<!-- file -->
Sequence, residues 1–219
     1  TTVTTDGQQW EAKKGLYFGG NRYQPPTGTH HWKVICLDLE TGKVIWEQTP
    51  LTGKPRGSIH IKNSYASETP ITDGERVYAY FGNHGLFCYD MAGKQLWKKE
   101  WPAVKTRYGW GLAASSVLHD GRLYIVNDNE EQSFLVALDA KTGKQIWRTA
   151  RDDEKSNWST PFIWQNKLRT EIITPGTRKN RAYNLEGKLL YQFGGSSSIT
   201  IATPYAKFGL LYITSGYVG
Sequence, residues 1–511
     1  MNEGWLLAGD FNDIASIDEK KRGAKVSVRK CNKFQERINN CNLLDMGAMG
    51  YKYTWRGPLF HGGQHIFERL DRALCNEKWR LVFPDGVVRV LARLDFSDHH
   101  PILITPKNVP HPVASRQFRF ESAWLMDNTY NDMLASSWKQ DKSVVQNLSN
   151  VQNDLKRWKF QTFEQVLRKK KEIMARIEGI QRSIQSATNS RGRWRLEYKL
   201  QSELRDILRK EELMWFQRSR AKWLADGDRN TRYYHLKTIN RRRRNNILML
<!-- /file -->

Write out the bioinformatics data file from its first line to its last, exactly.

Sequence, residues 1–219
     1  TTVTTDGQQW EAKKGLYFGG NRYQPPTGTH HWKVICLDLE TGKVIWEQTP
    51  LTGKPRGSIH IKNSYASETP ITDGERVYAY FGNHGLFCYD MAGKQLWKKE
   101  WPAVKTRYGW GLAASSVLHD GRLYIVNDNE EQSFLVALDA KTGKQIWRTA
   151  RDDEKSNWST PFIWQNKLRT EIITPGTRKN RAYNLEGKLL YQFGGSSSIT
   201  IATPYAKFGL LYITSGYVG
Sequence, residues 1–511
     1  MNEGWLLAGD FNDIASIDEK KRGAKVSVRK CNKFQERINN CNLLDMGAMG
    51  YKYTWRGPLF HGGQHIFERL DRALCNEKWR LVFPDGVVRV LARLDFSDHH
   101  PILITPKNVP HPVASRQFRF ESAWLMDNTY NDMLASSWKQ DKSVVQNLSN
   151  VQNDLKRWKF QTFEQVLRKK KEIMARIEGI QRSIQSATNS RGRWRLEYKL
   201  QSELRDILRK EELMWFQRSR AKWLADGDRN TRYYHLKTIN RRRRNNILML